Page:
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It is not like our furs and stores of corn,
Whereto we claim sole title by our toil,
But the Great Spirit plants it in our hearts,
And waters it, and gives it sun, to be
The common stock and heritage of all :
Therefore be kind to Sheemah, that yourselves
May not be left deserted in your need.'

Alone, beside a lake, their wigwam stood,
Far from the other dwellings of their tribe i
And, after many moons, the loneliness
Wearied the elder brother, and he said,
Why should I dwell here all alone, shut out
From the free, natural joys that fit my age ?
Lo, I am tall and strong, well skilled to hunt,
Patient of toil and hunger, and not yet
Have seen the danger which I dared not look
Full in the face; what hinders me to be
A mighty Brave and Chief among my kin ?'
So, taking up his arrows and his bow,
As if to hunt, he journeyed swiftly on,
Until he gained the wigwams of his tribe,
Where, choosing out a bride, he soon forgot,
In all the fret and bustle of new life,
The little Sheemah and his father's charge.

Now when the sister found her brother gone, And that, for many days, he came not back, She wept for Sheemah more than for herself; For Love bides longest in a woman's heart, And flutters many times before he flies, And then doth perch so nearly, that a word May lure him back, as swift and glad as light; And Duty lingers even when Love is gone, Oft looking out in hope of his return; And, after Duty hath been driven forth, Then Selfishness creeps in the last of all, Warming her lean hands at the lonely hearth, And crouching o'er the embers, to shut out Whatever paltry warmth and light are left, With avaricious greed, from all beside. So, for long months, the sister hunted wide, And cared for little Sheemah tenderly; But, daily more and more, the loneliness Grew wearisome, and to herself she sighed, • Am I not fair ? at least the glassy pool, That hath no cause to flatter, tells me so; But, o, how flat and meaningless the tale,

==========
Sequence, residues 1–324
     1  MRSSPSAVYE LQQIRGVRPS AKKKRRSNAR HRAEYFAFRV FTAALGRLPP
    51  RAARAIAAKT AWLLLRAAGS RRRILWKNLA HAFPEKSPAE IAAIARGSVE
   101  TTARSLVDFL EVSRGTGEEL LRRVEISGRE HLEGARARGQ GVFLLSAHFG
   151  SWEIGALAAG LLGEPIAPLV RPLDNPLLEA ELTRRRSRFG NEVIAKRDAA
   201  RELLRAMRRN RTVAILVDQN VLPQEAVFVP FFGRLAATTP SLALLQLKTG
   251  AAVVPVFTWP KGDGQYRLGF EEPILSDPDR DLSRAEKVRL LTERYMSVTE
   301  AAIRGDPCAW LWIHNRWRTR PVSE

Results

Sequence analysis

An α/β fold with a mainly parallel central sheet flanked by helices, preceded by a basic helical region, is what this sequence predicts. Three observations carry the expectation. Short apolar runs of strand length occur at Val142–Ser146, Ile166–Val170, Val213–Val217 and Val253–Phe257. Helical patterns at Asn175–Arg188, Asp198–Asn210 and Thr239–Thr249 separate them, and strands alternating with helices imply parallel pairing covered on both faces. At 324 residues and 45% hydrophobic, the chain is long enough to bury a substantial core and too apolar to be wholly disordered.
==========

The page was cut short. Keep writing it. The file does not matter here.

Unless it tremble on a lover's tongue!
Beauty hath no true glass, except it be
In the sweet privacy of loving eyes.'
Thus deemed she idly, and forgot the lore
Which she had learned of nature and the woods,
That Beauty's chief reward is to itself,
And that the eyes of Love reflect alone
The inward fairness, which is blurred and lost
Unless kept clear and white by Duty's care.